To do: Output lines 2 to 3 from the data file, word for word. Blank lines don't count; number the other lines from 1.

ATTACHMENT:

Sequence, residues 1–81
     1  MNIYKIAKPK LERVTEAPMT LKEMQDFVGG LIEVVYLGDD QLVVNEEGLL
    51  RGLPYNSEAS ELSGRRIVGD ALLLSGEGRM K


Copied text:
     1  MNIYKIAKPK LERVTEAPMT LKEMQDFVGG LIEVVYLGDD QLVVNEEGLL
    51  RGLPYNSEAS ELSGRRIVGD ALLLSGEGRM K